According to Dr. Gardner, technology plays a pivotal role in facilitating the transition to value-based care by automating manual workflows and leveraging data. Technology can support the efficient delivery of care and improve patient outcomes, while also improving the reach of care management teams by identifying and stratifying at-risk populations. Modern care management solutions offer configurable algorithms to rank member risk based on multiple data sources, including clinical diagnoses, pharmacy claims, and health risk assessments. Digitalizing the intake process and automating care plans can further streamline care management workflows, making them more efficient and increasing member engagement and satisfaction.

Harnessing the Power of Data

Health plans have access to vast amounts of data, ranging from patient experience surveys to medical and pharmacy claims. The challenge lies in sifting through this data to identify relevant and actionable insights. In the webinar, Dr. Gardner emphasized the importance of leveraging data to drive quality improvement rather than merely focusing on compliance. She highlighted the need to surface the right data to the right stakeholders at the right time, enabling health plans to improve performance and outcomes across populations. For instance, data capture can aid in identifying gaps in care and leveraging technology to close those gaps. HealthEdge’s solutions provide configurable assessments and gap closure functionalities, empowering health plans to enhance quality and performance scores while improving patient outcomes.

Adapting to Regulatory Changes

The speakers discussed how technology can assist health plans in adapting to value-based regulatory changes. Examples included incorporating health equity stratification data into assessments to address disparities in care quality across different racial and ethnic groups. Furthermore, modern technology can help health plans meet the requirements of Medicare Advantage and ACA 2023 regulations, particularly in collecting social determinants of health data through health risk assessments (HRAs). Another critical aspect is provider data management and directory requirements, under the No Surprises Act, where HealthEdge’s upcoming provider data management solution can help health plans ensure accurate and up-to-date provider network information.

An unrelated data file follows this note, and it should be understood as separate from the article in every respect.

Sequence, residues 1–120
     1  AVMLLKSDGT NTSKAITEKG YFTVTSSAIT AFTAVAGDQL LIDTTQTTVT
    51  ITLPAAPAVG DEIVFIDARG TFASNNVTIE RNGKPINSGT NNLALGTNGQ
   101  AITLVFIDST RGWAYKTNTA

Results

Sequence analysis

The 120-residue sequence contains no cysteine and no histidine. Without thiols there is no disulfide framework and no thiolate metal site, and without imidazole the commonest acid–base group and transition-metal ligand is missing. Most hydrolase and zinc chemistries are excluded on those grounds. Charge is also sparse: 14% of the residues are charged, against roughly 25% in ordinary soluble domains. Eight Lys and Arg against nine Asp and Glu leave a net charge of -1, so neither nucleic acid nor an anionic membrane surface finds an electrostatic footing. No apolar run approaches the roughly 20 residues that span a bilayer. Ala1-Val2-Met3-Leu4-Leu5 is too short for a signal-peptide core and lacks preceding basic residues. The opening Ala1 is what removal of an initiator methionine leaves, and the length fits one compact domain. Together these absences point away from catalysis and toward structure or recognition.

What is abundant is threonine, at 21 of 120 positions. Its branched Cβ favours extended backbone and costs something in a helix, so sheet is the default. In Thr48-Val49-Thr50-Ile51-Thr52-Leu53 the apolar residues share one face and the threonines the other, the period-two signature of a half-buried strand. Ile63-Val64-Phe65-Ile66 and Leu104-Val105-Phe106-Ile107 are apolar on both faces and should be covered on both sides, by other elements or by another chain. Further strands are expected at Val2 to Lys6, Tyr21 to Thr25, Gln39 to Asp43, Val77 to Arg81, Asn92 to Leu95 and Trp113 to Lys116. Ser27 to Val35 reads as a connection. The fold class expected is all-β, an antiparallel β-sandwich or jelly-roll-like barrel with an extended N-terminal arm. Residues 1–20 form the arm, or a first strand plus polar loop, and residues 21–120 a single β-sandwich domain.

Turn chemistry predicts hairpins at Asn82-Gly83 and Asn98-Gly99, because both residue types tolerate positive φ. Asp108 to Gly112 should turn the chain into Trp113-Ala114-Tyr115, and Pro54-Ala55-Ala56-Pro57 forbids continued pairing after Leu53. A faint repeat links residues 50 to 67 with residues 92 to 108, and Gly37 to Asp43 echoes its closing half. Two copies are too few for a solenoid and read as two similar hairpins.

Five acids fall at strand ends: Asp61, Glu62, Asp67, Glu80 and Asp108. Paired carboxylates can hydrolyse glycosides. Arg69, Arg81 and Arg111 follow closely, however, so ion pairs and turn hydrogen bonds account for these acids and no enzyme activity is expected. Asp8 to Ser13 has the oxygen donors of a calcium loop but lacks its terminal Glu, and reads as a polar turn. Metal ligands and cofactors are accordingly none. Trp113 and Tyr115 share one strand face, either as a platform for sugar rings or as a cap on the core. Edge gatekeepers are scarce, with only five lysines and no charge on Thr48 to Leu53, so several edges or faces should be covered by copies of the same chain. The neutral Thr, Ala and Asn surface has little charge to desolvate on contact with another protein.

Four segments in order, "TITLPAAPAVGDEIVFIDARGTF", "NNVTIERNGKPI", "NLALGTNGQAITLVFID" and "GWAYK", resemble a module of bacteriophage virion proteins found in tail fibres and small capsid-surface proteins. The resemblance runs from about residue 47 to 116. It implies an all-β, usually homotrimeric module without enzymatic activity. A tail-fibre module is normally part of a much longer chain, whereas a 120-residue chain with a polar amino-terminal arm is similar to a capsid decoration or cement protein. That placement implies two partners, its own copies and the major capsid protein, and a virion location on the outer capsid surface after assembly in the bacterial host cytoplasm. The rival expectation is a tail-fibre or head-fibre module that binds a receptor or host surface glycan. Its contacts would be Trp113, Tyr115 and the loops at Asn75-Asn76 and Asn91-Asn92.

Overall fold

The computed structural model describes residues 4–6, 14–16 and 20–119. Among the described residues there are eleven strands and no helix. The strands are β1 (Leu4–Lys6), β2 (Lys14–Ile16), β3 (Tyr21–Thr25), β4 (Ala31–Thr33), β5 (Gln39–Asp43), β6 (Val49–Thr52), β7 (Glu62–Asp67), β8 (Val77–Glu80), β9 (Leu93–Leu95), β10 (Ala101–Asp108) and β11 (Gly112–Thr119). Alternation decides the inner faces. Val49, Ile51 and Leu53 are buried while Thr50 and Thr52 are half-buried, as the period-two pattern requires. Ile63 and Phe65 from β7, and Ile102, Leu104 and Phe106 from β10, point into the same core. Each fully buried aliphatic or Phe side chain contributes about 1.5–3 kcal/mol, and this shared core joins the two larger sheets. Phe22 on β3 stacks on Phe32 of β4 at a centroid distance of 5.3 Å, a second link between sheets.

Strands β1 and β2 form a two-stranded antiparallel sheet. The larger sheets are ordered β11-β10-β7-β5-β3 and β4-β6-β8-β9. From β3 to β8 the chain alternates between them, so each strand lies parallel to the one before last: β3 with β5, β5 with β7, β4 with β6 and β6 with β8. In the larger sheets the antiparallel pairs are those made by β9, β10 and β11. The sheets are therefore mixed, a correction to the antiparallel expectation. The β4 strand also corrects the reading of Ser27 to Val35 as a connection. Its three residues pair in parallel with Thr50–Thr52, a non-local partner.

Accelerating the Journey Toward Value-Based Care Success

This webinar shed light on the progress health plans have made and the opportunities they have in front of them as they pursue their value-based care strategies moving forward. As payers continue to evolve toward become active care partners, embracing convenience and interoperability to enhance patient satisfaction and engagement is critical. Technology solutions have enabled the automation of manual workflows, streamlined care management, and facilitated data-driven decision-making. By harnessing the power of data and leveraging advanced technology, health plans can improve quality, outcomes, and member experiences in the value-based care landscape.

To access the full webinar on-demand, watch the recording here. If you’d like to learn more about how HealthEdge can support payers with value-based care, visit

Interoperability Strategies for Successful Care Management

Creating an Interoperability Strategy that Delivers Results: How to Prioritize Integrations within Care Management and Across the Healthcare Ecosystem

To achieve seamless care coordination, reduce costs, and increase efficiencies, care management platforms must integrate effectively within care management functions as well as across the entire healthcare ecosystem. However, identifying and prioritizing the right integrations can prove challenging for health plans. To get the most out of an interoperability strategy, health plans should understand market drivers and establish goals for what should be accomplished through enhanced integration.